The Bruce Arena era (v 2.0) of the U.S. men's national team is finally ready to begin. The USMNT will open the year with a friendly vs. Serbia on Sunday and then one against Jamaica on Feb. 3, and there is plenty we can learn.
Sure, these friendlies aren't against the toughest teams, and they don't fall on FIFA dates, so clubs don't have to release players and it is mostly MLS players. But this is Arena's first camp of the year as he figures out what to do when World Cup qualifying resumes in March and stakes, in that sense, couldn’t be higher.
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Who is the right guy to partner with Michael Bradley?
Even under Jurgen Klinsmann, this was something of an open question. It's pretty much a given that Bradley is going to be starting in the central midfield. Whether Bradley is in a two-man or three-man central midfield, as long as he is used properly, in a box-to-box or holding midfield role, he can be a solid presence. But who should be next to him and who can he build the right chemistry with?
If Arena uses a two-man midfield, is there anyone who can play more of the attacking, distributor role so Bradley can do what he does best? And can anyone do that while knowing when to get back and avoid leaving the USMNT exposed defensively in the middle? If it's a three-man central midfield, who can link up with Bradley and communicate shared responsibilities while someone else acts as the playmaker?
While Klinsmann often put Bradley and Jermaine Jones together, Jones is aging and suspended in March anyway so they can't completely rely on him. Arena may look in the direction of Sacha Kljestan, Darlington Nagbe or even perhaps Benny Feilhaber. All of those guys can play an attacking central midfield role and they do it in different ways. But if the USMNT looks to have a double pivot behind a No. 10, how would Bradley work with Dax McCarty, Wil Trapp and even Sebastian Lletget? Would they be organized together sharing the defensive end of the midfield?
Whoever plays with Bradley in these upcoming games won't be promised a spot in World Cup qualifying, but it will be worth seeing who clicks and who doesn’t.
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Is there a starting-quality left back in this group?
The bigger question might be whether the player pool itself has a natural starting-caliber left back, but the group in camp now offers some of the most obvious solutions. Under Klinsmann, Fabian Johnson, who plays as a wide midfielder for Borussia Mönchengladbach, was the go-to left back. But is there someone who can take that spot and free up Johnson, who isn't in this camp, for his natural role?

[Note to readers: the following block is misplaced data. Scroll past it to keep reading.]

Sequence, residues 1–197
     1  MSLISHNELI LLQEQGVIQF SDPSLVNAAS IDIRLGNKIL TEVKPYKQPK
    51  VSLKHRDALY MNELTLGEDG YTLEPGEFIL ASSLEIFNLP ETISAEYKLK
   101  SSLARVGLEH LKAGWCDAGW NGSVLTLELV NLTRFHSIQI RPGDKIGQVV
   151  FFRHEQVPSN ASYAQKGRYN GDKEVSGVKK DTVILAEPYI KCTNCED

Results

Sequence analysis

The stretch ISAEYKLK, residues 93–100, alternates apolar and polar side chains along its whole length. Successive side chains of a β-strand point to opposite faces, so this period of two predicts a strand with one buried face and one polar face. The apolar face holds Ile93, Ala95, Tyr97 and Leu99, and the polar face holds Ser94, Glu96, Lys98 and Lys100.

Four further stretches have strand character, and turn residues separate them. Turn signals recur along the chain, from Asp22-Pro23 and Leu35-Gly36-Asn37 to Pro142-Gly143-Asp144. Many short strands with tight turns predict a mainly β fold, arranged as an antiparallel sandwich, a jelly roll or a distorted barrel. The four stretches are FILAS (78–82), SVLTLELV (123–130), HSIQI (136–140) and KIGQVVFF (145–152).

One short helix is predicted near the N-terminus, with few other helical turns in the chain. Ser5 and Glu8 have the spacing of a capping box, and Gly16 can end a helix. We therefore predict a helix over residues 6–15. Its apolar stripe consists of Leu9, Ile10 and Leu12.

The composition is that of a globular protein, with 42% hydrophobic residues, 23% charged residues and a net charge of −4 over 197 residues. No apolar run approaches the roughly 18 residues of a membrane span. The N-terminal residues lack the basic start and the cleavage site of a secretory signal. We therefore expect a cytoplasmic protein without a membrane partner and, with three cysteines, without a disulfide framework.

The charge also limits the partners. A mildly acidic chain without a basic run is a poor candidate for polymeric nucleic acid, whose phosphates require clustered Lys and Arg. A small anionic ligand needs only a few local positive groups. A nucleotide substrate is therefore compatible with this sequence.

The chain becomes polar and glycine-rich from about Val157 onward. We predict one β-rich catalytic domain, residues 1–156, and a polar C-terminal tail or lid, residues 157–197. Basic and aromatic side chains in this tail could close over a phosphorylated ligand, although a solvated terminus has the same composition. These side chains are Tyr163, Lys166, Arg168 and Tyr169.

One player to watch is DaMarcus Beasley. Arena made it clear that he is considering Beasley because of the dearth of left backs in the USMNT player pool. But Beasley, for all his quality, will nearly be 35 when World Cup qualifying resumes and has noticeably slowed a bit. He hasn't played on the international level since 2015 and it remains to be seen whether he can still contend for a spot at that level.
A couple others are Greg Garza and Taylor Kemp. Garza is a natural left back, but since injury not long ago, Garza has barely played on the club level – he played just twice for Tijuana this season before joining Atlanta United. For Kemp of D.C. United, this is his first-ever USMNT call-up.
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Can Graham Zusi really be a right back?
For all the concerns about the left back spot, the right back spot isn't all that much stronger. There are more natural options, to be sure, but Arena is looking at Zusi there for a reason. Sporting Kansas City coach Peter Vermes experimented with Zusi in the spot, and Arena is keen to see if it can be a full-time thing.
Zusi, who has typically been a winger, is good on the ball and is capable of making the overlapping runs forward that Arena probably wants. The lingering detail – and it's no small one – is whether he can do the job on the defensive end. His 1v1 defending and positional discipline will be two key things to watch.
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Who will be the starting goalkeeper?
These days, the goalkeeper position looks as unsettled as any. Tim Howard is still injured, not to mention he is 37 and wasn't spectacular with the Colorado Rapids. Brad Guzan still isn't starting in Middlesbrough. A third-in-line goalkeeper was never very consistent under Klinsmann. Arena can go in any direction.
An obvious candidate was Bill Hamid, but injury forced him out of this USMNT camp, and given his history with injuries, any coach might be wary of counting too much on him. Stefan Frei also left injured, so he's out of the picture for now. It looks like a battle between Nick Rimando and David Bingham, and as much as these friendlies don't really matter, a chance to move up the goalkeeper depth chart – both in the near term and longer term – looks very much in play.
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What will the team's style look like?
One of the biggest criticisms under Klinsmann has been that he promised an identity and never delivered. Now, Arena will come in with a chance to set an identity immediately.
Will the Americans play direct? Will they build out of the back slowly? Will they press high? Will they sit back and counter? Given the relative weakness of the upcoming opponents, the USMNT should be able to play exactly how Arena wants them to, and it could give us an insight into his plans for World Cup qualifying.
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